When a feeder empties, the little beggars become incensed, whirr about impatiently for a refill (one part sugar: four parts water. Dismiss the red food color. Hummers will come regardless…). They can’t wait until I rehang the bottle, ignore the human hand that brings the refill, and begin to feed while I’m still holding the feeder.

Hand fed hummer

The tiny things are nearly fearless. The small window feeder holds less than a quarter cup of syrup and I’m refilling it three times a day while the larger—a three holer--holds a cup and half and requires refilling every third day. Between spring feed for the honeybees and syrup for the hummers, I wouldn’t be surprised if we’ve hauled away a hundred pounds of sugar from Freddie’s this season.

I’ve been told the more feeders on the place, the greater your hummer population. In a nature magazine I saw a photo of a backyard “merry-go-round” clothes line with two or three dozen feeders hanging from the lines. There must have been a hundred or so little long beaks either feeding or perching on the clothesline. Another tip I read in a magazine came from a woman who places seeded out cattails around her yard as nesting material for her resident hummers (supposedly hummingbirds nest close to their food supply; I’d like to encourage them to nest here on the place). Good idea, I thought, and stuck three furred out ‘tails on posts in the hedge. So far only pine siskins and gold finches have helped themselves to the down, but the hummingbirds haven’t shown much interest. I did see our male Rufous perched atop one of the cattails surveying his domain. Checking out the ladies, perhaps?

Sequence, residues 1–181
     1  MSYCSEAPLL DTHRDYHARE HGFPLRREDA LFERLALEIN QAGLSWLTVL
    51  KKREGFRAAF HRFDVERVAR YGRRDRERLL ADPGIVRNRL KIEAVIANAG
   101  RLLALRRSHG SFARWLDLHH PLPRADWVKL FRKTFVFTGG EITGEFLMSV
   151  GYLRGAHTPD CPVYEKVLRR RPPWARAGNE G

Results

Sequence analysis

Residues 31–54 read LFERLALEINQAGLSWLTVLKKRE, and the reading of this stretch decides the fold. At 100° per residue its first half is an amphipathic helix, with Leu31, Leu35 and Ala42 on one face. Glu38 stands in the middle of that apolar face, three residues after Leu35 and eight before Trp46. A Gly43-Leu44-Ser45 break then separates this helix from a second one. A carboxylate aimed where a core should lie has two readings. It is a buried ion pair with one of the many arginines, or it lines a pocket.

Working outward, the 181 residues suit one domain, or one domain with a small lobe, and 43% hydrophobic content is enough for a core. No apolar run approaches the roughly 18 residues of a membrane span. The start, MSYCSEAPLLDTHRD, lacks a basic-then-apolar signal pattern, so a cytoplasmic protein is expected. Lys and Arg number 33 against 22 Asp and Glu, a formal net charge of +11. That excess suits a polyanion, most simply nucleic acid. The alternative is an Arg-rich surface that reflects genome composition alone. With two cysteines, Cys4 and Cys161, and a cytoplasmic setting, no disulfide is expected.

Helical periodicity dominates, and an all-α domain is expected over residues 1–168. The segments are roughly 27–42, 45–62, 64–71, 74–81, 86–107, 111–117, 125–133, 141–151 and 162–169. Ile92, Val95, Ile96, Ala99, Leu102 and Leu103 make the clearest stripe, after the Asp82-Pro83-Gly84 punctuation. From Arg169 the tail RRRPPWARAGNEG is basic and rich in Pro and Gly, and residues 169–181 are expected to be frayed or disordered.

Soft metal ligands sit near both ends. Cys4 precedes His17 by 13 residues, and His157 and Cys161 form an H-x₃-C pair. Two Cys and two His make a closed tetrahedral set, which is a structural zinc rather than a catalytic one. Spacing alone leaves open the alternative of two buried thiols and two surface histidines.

Perhaps you’ve picked up on my less than subtle complaint about expenditure on sugar. When you think about the cost of a ticket, popcorn and sugary drinks at the movie theatre these days, any capital outlay on hummingbird food is well worth it for the sheer entertainment value. Watching a backyard full of pugnacious, warring hummers jockeying for an evening repast, dive bombing each other, vying for feeder airspace is real time Reality theatre. And all it takes is a feeder or two, a little time and, of course, sugar. Nancy L's hummer nest

This past week national headlines announced the death of Rodney King whose beating at the hands of over reactive L.A. police in 1991 caused interracial chaos in the city and consequently involved the entire nation in racial controversy. Although history will undoubtedly be harsh on King, I would hope in the midst of the escalating 1992 riots caused by the acquittal of four arresting officers, his words to the press will to some degree validate Rodney’s checkered forty-seven years of life. At a news conference May 1, 1992, King uttered these memorable words: “Can we all get along?” Given human nature and current world events, “Not very likely,” I believe, is the unfortunate answer to King’s question. And if my backyard is any indication, it’s not likely to happen with the hummingbirds any time soon either.